June 2, 2009

Dear Family and Friends,

"How's the food over there?" you ask.

Here's today's menu:

Breakfast at the Komil Hotel: cherry, apple or apricot juice, raisins, almonds, peanuts, chocolate, fresh apricots and cherries, omelet, slices of cheese, rolls, butter, honey and home-made preserves, coffee or green tea - the national beverage.

Alfresco Lunch today in Nurata: cold salty yogurt soup with scallions, tomato and cucumber salad, bread, and tender, tasty chucks of grilled spicy lamb with onions, green tea.

Alfresco Dinner at the Lyabi-Hauz: noodle soup with small balls of minced lamb, bread, and mimosa salad that includes layers of sliced fish, chopped egg, chopped cabbage, mixed greens with a light mayonnaise dressing.

Sandwiched between my meals were several worthy sights;

Khiva: The Museum City



June 5, 2009

Dear Family and Friends,

Today's vocabulary word is the Persian word "pharsakh". (The word sounds suspiciously like the Hebrew "parashah" - the weekly portion of the Bible that is read in synagogue every Saturday.)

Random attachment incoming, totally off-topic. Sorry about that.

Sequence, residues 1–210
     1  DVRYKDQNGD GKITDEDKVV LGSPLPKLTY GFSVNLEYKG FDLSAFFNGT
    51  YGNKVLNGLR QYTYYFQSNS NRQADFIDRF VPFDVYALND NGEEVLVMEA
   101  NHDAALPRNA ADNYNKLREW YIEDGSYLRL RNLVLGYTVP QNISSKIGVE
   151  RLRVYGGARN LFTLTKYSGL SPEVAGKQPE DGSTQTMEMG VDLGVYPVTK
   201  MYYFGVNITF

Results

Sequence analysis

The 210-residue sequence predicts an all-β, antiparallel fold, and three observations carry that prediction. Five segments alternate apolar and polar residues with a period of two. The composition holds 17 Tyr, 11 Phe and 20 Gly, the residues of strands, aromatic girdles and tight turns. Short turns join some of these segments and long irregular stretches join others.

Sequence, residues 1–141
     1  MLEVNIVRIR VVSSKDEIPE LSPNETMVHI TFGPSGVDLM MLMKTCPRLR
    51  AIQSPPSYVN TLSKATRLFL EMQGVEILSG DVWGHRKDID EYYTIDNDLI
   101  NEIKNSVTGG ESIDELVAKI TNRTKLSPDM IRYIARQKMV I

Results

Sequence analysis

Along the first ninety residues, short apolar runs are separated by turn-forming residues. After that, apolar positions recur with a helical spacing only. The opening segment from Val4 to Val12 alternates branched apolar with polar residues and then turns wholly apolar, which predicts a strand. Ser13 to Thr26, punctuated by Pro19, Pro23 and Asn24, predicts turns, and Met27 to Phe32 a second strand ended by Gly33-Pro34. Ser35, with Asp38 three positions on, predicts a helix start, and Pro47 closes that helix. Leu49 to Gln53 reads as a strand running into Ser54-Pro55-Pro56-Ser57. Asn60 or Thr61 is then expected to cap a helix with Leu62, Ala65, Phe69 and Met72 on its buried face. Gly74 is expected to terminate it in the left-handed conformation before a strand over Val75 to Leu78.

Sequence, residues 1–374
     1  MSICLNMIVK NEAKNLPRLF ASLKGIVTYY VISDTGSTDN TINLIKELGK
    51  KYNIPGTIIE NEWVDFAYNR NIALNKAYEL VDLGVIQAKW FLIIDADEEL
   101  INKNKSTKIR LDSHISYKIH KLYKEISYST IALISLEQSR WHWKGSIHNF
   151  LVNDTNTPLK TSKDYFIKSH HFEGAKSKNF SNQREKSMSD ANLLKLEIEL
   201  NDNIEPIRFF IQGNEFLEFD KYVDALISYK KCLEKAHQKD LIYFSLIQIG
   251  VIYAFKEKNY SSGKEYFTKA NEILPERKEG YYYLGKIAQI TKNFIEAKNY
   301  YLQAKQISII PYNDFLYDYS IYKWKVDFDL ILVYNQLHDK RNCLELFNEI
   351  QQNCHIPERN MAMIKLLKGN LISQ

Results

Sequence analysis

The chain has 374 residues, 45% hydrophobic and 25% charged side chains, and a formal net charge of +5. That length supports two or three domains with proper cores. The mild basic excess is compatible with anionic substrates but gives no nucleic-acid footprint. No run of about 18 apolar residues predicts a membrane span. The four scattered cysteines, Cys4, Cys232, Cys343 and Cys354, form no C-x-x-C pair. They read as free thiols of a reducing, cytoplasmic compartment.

A pharsakh (pronounced farshach) is a unit of distance about 5km or about 3 miles. A Genghis Khan messenger on horseback, with stops, could travel 50 pharsakh - 250km (150 miles) in one day across the sands of the Kara Kum (Black Sands) Desert.  A camel caravan can travel 160 kilometers (96 miles).

The distance from Bukhara to Khiva, my next stop on the Great Silk Road, is 470 kilometers (282 miles).  It would take the messenger three days; the caravan five days.  On a proper highway, my driver and I do it in about six hours, with stops.

Who can resist the stops?  Under a cloudless sky, with a charm of its own, the flat, bleak, scrub-mottled desert is interspersed with herds of goats, a yurt camp or two, and endless tracts of cotton plants. Finally, a long, narrow reservoir that feeds the cotton - a major commodity in this part of the world

Agriculture and human settlement go back four, perhaps six millennia in this area.  Legend has it that Khiva was founded by Noah's son, Shem.  By the 8th Century, Khiva was a trading post. In 1592, Khiva became the capital of Khorezem.  The history of Khiva goes on with conquests by the Persians and later the Russians.  Fortunately, the old city is preserved in its entirety. *